Part two of a three-part series on the significantly re-vamped version of the Florida Business Corporation Act (the “FBCA”).

This is part two of a three-part series on the significantly re-vamped version of the Florida Business Corporation Act (the “FBCA”), which went into effect on January 1, 2020. This article highlights some of the changes to the previous FBCA that Florida corporations may encounter if they find themselves party to a lawsuit. The first article addressed some of the impact of the changes on filings and the final part of this three-part series will address the revised FBCA’s changes to mergers, share exchanges, and other transactions.

1. Although not a change, it is important to note that a shareholder cannot bring a derivative lawsuit against a Florida corporation unless that shareholder was a shareholder of the
company at the time of commencement of the derivative lawsuit. The shareholder also must have been a shareholder of the company at the time that the infringing conduct took place or
must have obtained the shares from someone who was a shareholder at the time that the infringing conduct took place.

2. Prior to the filing of a derivative lawsuit, the complaining shareholder must make a demand on the board of directors at least 90 days before filing the derivative complaint against
the corporation. If such demand is not made, in order for the derivative complaint to survive dismissal, the shareholder must be able to provide the reasons for not making the demand
on the board of directors.

3. If the board of directors makes an inquiry into the allegations made in the demand or the derivative lawsuit complaint, the court may stay the lawsuit.

4. A court may dismiss a derivative lawsuit if the court determines that the derivative lawsuit is against the best interests of the corporation. In making this determination, the court
may, but is not required to, take into account the recommendation of a special litigation committee of the corporation.

5. If a derivative lawsuit is brought against a foreign corporation, the lawsuit is governed by the laws of the jurisdiction of incorporation of the foreign corporation except for such
procedures relating to staying the lawsuit, settlement, and issues relating to the proceeds and expenses of the lawsuit.

6. The new FBCA defines a “direct” action. A direct action is one where there is (a) an actual or threatened injury that is not solely the result of an injury suffered or threatened to be
suffered by the corporation, or (b) an actual or threatened injury resulting from a violation of a separate statutory or contractual duty owed to the shareholder, even if the
corporation suffers the same injury. It is important to note that the test for what is considered a direct action as opposed to a derivative action is new under the recently enacted
version of the FBCA.

7. The FBCA provides a statutory basis for the appointment of a receiver or a custodian. Such receiver or custodian may be appointed, among other things, when there is deadlock of the
board of directors or there is irreparable injury to the corporation due to fraudulent acts by directors of the corporation.

8. The appointment of a receiver or custodian is in addition to other remedies available to shareholders under Chapter 607 or otherwise available under law or equity.

9. The FBCA allows for the appointment of a provisional director when the directors are deadlocked with regard to management of corporate affairs and the shareholders are unable to break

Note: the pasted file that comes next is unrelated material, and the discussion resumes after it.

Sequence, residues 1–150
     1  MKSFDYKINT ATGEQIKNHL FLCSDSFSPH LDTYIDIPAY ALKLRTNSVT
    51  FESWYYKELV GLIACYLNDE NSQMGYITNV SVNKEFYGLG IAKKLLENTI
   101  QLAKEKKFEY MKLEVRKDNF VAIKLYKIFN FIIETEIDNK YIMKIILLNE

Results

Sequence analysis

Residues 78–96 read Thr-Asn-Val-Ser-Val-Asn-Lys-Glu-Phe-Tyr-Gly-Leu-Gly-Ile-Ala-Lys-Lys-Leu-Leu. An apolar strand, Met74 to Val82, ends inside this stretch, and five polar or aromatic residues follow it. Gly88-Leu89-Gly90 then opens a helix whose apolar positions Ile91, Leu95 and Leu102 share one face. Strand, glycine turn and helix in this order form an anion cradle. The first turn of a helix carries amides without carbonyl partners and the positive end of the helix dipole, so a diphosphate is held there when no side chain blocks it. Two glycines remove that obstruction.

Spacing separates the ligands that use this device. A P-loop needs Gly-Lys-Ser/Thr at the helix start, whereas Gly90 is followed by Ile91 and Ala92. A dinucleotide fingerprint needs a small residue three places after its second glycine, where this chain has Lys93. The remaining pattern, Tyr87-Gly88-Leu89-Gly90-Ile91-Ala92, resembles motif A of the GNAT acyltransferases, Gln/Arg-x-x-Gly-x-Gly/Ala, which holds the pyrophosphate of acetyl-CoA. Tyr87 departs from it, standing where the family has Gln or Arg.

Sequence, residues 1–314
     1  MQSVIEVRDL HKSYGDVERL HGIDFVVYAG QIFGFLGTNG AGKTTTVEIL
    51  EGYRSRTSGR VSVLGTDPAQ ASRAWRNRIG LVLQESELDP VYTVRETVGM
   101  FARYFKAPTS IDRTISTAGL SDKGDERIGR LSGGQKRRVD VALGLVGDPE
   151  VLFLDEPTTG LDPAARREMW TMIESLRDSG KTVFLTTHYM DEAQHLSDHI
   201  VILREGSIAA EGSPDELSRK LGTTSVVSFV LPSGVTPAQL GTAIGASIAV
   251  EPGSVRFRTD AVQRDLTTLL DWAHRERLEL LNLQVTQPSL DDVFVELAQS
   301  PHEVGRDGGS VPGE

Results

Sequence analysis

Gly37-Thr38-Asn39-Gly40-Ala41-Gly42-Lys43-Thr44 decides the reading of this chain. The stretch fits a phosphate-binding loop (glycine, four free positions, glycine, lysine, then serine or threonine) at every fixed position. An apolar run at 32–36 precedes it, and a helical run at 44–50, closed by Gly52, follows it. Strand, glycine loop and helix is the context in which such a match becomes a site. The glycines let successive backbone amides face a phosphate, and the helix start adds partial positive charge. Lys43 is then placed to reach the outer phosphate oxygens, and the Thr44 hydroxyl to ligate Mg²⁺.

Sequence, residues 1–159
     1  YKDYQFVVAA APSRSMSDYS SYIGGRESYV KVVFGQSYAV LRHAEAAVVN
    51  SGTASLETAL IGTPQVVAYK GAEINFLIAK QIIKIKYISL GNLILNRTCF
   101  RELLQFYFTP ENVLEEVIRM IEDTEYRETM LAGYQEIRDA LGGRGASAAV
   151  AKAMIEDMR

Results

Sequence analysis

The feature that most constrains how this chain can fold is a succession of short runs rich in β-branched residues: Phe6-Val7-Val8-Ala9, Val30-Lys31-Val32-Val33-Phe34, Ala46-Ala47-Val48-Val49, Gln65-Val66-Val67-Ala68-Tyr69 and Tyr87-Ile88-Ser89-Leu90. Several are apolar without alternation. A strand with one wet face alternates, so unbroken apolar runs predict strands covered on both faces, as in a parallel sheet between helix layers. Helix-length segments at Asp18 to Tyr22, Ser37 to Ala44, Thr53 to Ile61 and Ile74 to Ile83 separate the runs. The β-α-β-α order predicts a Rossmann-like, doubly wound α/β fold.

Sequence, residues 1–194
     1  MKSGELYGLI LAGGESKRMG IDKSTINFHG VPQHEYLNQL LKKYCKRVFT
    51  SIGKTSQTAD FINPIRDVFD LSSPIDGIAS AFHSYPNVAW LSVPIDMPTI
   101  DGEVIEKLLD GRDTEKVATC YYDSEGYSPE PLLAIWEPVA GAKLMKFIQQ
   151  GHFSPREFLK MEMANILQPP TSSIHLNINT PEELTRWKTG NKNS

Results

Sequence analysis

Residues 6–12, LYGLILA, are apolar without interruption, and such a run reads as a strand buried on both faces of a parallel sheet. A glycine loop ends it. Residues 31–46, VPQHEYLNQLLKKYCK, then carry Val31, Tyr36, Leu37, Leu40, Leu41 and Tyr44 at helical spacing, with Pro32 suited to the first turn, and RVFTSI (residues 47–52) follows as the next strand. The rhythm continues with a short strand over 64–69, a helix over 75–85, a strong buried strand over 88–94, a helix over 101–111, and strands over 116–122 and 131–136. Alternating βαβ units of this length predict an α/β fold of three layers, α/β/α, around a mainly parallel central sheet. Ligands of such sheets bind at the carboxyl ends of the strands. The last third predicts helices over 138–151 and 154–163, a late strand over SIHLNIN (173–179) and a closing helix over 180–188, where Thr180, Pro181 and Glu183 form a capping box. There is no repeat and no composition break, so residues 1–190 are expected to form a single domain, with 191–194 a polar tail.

the deadlock.

10. The FBCA permits a court to remove a director through a derivative proceeding if the court finds that (a) the director engaged in fraudulent conduct, grossly abused his position, or
intentionally inflicted harm on the corporation, and (b) that removal is the best option and is in the best interest of the corporation.

11. The FBCA codifies the standard of care that must be exercised by directors in their capacity as board members or as members of board committees. The board of directors must exercise a
standard of care that “a person in a like position would reasonably believe appropriate under similar circumstances.”

12. A conflict of interest transaction must be fair to the corporation. Under the recently enacted version of the FBCA, an unfair conflict of interest transaction cannot be cleansed by a
disinterested board or disinterested shareholder approval.

13. The FBCA adds a two-year statute of limitations for actions based on violations of the statute addressing directors’ liability for unlawful distributions.

14. The FBCA adds a one-year statute of limitations after the liability of the claimant has been finally adjudicated for actions seeking contribution or recoupment.

15. The FBCA codifies the statutory requirement that officers shall act in good faith and in a manner that the officer reasonably believes is in the best interest of the corporation when
performing his functions. The FBCA also sets forth those officers and professionals that an officer can rely on in making decisions. Such reliance must be reasonable.

16. The FBCA requires that an officer must report “up the ladder.” Failure to do so may give rise to liability to the corporation and its shareholders.

17. The recently enacted version of the FBCA significantly modifies statutory indemnification of officers or directors. A corporation is only required by statute to indemnify an officer or
director if the officer or director is “wholly successful” on the merits. Such mandatory indemnification can by expanded through the corporation’s documents.

The above list contains only a few of the changes to the FBCA that litigants may encounter. If you believe that your company may be impacted, please contact Rodriguez-Albizu Law, P.A. to discuss how the changes to the FBCA can impact your company.